Powder Bed Fusion (PBF) is the ASTM standard name for 3D printing techniques that build through a bed of powder (Direct Metal Laser Sintering, Electron Beam Melting, Direct Laser Melting and Selective Laser Melting). While PBF is a popular metal 3D printing process, there are commercially available 3D processes that do not use powders. One is Ultrasonic Additive Manufacturing (UAM). UAM uses commercially available metal foils. ASTM identifies this style of 3D printing as ‘sheet lamination.’ There are fundamental differences between PBF and UAM that make each suited to different manufacturing needs.
PBF prints by selective melting specific areas on individual layers of metal powder. A thin layer of powder is spread over a build plate. Then a laser beam melts specific areas of the powder where solid metal is required for a particular layer. The process is then repeated over and over, building up a solid 3D part. Once the build is complete, the loose unwelded powder is removed leaving the desired geometry.
PBF works well for complex organic structures that have intricate interwoven structure. But, be sure to consider the following points:
–Powder material. PBF works well with fusion weldable alloys. Since every layer is melted and resolidified, alloys known to be weldable are preferred. Be cautious with alloys susceptible to solidification cracking. Precipitation hardened alloys can be printed in some cases, however, they must be heat treated after the build to attain desired material properties. Typically, a single PBF system is restricted to one specific alloy as dissimilar metals create metallurgical problems and the systems are hard to ever truly get completely clean.
–Powder material properties. Vendors usually recommend choosing powders that have a specific particle size, shape distribution and metallurgical purity. A supply chain for these materials is developing, but understanding the complex interactions between all of the powder parameters will take years of research.
–Build size. PBF is suited for complex organic shapes. The final build will have a rough surface finish. As the part shape is governed by where the laser travels, each layer can be a mix of small islands, that when stacked, create hollow lattices and thin walls. In most cases, a build size is limited to about a cubic foot maximum.
–Residual stress. The method of build, being fusion, can result in parts with significant residual stresses. Depending on the application, this may not be an issue, or may require additional finishing operations to correct.
How UAM works
UAM is ultrasonic welding on a semi-continuous basis where solid metal objects are built up to a three-dimensional shape through a succession of welded metal tapes. Periodic machining operations deliver detailed features and form into the object until a final geometry is created.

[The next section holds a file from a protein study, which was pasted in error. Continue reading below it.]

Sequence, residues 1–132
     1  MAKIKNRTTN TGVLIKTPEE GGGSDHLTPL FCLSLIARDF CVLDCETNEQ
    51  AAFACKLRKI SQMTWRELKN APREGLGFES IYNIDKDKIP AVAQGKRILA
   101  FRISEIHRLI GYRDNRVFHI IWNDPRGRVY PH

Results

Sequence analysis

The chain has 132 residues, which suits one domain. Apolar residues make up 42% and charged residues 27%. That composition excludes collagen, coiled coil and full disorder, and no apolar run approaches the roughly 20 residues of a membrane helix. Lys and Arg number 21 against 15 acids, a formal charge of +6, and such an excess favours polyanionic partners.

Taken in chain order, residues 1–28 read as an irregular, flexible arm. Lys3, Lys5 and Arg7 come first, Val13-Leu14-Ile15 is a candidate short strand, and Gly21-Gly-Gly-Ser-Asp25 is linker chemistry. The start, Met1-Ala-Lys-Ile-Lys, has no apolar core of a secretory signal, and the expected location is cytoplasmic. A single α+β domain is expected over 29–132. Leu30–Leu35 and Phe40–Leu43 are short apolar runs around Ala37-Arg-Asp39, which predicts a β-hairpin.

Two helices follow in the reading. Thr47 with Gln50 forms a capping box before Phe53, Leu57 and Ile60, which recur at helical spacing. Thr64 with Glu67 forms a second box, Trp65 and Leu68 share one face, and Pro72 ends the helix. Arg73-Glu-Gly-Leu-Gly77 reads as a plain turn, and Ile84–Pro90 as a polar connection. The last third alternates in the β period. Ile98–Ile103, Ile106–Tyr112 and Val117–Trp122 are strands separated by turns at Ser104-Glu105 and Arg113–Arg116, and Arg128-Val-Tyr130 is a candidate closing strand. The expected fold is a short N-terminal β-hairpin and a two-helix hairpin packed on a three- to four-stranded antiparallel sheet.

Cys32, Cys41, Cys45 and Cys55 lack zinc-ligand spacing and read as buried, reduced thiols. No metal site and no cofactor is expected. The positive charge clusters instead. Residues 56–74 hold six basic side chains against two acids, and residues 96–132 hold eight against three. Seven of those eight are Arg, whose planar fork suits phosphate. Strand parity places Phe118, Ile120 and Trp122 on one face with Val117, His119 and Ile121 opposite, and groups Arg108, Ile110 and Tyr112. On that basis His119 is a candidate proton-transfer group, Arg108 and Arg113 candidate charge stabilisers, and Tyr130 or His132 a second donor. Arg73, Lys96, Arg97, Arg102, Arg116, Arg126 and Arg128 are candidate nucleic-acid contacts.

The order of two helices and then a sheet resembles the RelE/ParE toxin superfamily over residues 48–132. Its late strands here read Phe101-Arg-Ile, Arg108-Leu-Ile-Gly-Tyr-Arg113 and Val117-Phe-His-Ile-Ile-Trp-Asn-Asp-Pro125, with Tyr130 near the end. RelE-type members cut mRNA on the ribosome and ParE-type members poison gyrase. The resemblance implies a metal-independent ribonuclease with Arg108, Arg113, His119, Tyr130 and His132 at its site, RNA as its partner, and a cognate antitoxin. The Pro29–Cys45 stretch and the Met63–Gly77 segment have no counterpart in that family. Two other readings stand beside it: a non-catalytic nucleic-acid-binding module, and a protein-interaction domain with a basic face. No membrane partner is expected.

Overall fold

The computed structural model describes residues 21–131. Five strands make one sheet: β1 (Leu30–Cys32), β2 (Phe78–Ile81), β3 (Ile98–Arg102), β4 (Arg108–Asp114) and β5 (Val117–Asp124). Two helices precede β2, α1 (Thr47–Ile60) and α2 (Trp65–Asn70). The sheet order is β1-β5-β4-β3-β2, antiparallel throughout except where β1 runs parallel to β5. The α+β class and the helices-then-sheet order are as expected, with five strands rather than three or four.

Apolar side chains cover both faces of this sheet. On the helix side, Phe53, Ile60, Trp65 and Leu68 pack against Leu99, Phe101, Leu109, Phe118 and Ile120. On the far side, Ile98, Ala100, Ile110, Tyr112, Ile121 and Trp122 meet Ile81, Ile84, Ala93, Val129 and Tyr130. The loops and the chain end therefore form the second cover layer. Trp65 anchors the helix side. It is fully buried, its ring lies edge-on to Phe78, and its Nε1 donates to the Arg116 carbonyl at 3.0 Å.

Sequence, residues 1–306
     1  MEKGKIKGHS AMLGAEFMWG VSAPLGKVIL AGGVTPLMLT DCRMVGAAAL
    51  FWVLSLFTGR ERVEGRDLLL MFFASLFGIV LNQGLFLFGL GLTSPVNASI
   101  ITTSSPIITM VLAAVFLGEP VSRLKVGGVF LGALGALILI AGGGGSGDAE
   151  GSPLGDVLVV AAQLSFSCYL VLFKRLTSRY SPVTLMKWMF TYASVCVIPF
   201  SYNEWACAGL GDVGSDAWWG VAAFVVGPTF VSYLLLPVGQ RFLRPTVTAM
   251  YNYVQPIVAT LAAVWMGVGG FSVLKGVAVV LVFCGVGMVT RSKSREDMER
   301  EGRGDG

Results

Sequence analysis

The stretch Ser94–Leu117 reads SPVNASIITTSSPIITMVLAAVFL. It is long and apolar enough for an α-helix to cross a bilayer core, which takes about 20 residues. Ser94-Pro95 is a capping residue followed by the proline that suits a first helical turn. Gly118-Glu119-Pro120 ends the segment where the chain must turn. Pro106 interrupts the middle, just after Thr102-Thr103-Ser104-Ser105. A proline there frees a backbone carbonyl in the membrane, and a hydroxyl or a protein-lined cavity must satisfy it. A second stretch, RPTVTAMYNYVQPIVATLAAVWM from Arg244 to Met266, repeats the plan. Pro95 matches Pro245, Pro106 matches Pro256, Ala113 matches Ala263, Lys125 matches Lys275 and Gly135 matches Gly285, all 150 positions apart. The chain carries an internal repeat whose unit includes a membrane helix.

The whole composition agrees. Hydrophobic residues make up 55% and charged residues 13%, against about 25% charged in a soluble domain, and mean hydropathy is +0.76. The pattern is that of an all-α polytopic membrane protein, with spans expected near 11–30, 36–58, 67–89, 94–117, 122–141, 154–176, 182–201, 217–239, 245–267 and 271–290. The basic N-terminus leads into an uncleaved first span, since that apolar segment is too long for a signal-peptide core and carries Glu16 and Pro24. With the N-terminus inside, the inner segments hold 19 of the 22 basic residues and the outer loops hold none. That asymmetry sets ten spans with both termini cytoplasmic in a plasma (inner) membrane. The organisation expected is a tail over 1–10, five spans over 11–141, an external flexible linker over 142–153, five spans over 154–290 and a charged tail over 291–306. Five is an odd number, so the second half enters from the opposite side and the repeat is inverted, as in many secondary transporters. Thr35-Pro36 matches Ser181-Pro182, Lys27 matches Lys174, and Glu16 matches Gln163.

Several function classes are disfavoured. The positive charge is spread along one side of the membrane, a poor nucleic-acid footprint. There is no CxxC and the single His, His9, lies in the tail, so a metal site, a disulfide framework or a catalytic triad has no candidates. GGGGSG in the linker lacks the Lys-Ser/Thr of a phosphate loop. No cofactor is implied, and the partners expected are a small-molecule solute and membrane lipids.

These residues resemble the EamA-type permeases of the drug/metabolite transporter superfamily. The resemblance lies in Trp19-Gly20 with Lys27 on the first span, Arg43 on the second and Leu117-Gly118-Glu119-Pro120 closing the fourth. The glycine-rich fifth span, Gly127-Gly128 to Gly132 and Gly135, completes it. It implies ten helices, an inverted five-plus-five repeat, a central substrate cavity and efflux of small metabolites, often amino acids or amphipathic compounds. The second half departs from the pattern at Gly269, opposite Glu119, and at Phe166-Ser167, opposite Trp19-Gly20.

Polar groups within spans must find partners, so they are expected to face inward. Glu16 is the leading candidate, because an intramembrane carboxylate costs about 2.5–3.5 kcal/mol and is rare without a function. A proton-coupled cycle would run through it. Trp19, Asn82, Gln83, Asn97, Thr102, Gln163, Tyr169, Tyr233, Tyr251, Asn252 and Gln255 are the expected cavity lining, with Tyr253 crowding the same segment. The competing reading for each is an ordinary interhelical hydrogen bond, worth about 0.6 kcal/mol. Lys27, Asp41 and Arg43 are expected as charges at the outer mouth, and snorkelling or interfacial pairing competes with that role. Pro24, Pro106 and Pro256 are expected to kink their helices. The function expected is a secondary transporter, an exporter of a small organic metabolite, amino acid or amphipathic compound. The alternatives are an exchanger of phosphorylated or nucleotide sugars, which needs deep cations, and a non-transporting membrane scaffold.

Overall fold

The technology behind ultrasonic metal welding has been around since the 1950’s. An ultrasonic weld operation begins by pressing a thin metal foil onto another metal component. While under a constant force, ultrasonic vibrations are applied to cause scrubbing of the mating faces. This shearing motion cleans off surface oxides through friction, then allows direct contact of pure metal on pure metal. This process results in a solid-state atomic bond with minimal heating. Ultrasonic welding can be accomplished at very low temperature and without special environments. In aluminums for example, this peak temperature is always below 250 °F. The solid-state nature is a key advantage of UAM as it:
–Protects material properties of the incoming feedstock. Since the materials are only slightly heated, the materials do not experience changes in grain size, precipitation reactions, or phase changes. The properties of the incoming feedstock are the same as the properties of the final part. Metal foils are widely available on the open market for prices approaching that of billet.
–Creates bonds between dissimilar metals without creating an undesirable brittle metallurgy. This capability differentiates UAM from fusion based processes and enables the machine to print engineered materials with custom material properties or properties to match an existing component. For instance, layers of Molybdenum and Invar can be printed into an aluminum heat exchanger to match the CTE of a mounted electronic circuit.
–Embed temperature sensitive components in solid metal parts. Many electronic components including microprocessors, sensors, and telemetry have been successfully embedded in solid metal parts using UAM. The low-temperature bond allows delicate components to embed into solid metal without the damage incurred incomparable fusion based additive processes.
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